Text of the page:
The two compact car-truck hybrids uploaded by LeSabretoothTiger vie for some of the most colorful model names assigned to four wheels: would you rather deal with a brat or someone (or something) in a rampage? I can’t help but think of a five-year old dressed as Rambo knocking toys off of a shelf, but buyers appreciated these cars more than they could like the average problem child. Unlike their namesakes, they set about making themselves useful.
In fact, unlike their Ranchero and El Camino forebears, they actually made a good degree of sense. And, unlike the compact pick-ups which replaced those cars, good fuel economy was possible in daily use. It naturally helped that the cars upon which they were based were themselves quite good. What better way to get the most out of a rugged 4WD car’s all-weather hauling capacity? What better way to maximize your Omni’s already excellent cargo capacity?
Subaru tried around 2003 to recapture some of that BRAT magic with the Baja, but had a hard time convincing customers it was worthy of their affections. If it were Impreze-based with a nice set of steel wheels, a body free of cladding, and cloth/vinyl seats, they might’ve succeeded. While the optional turbocharged EJ25 made it very rapid, the car should’ve been called the BOAR (BRAT On A Rampage), as it was more in the El Camino mold: burly, not scrappy.
Of the two cars featured here, I’d have to favor the Dodge: older Subarus’ manners actually were somewhat truckish but the Rampage was a nimble car which could do what a truck could. And with its big 2.2, the Dodge offered contemporary buyers a fun way to rampage through the tail end of early ’80s recession and its coincidental high interest rates, in addition to half-ton capacity.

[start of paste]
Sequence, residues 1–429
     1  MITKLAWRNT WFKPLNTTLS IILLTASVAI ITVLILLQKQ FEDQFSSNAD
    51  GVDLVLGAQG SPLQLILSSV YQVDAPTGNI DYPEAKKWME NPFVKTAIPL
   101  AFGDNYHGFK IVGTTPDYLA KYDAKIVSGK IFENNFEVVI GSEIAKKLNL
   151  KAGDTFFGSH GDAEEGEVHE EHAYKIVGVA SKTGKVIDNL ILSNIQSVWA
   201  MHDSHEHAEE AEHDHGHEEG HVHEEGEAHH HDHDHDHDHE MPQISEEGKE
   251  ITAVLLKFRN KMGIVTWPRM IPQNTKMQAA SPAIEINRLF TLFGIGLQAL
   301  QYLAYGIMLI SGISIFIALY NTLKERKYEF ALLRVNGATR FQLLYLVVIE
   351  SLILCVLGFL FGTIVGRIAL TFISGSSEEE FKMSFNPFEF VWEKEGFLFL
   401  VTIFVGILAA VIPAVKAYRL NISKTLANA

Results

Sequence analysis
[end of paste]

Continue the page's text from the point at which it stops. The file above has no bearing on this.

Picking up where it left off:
Thanks to the Subaru’s undeniable charm, though, it’s the Chrysler L-body which is more obscure and under-appreciated today. So for you BRAT fans, here’s a “nicer” example, with a T-top and exposed bed with jump seats (I like the more basic featured car better). I never did see one with the seats left in place growing up around Lake Champlain, where they were immensely popular, but that’s what it took to get them past the chicken tax. For 1983 and 1984 (the Rampage’s last two years on the market), Subaru offered a turbocharged 1.8 with 95 horsepower and 123 lb-ft of torque; but drop one of the ubiquitous 2.2 turbos the Dodge, and you’ll get a car that really lives up to its name.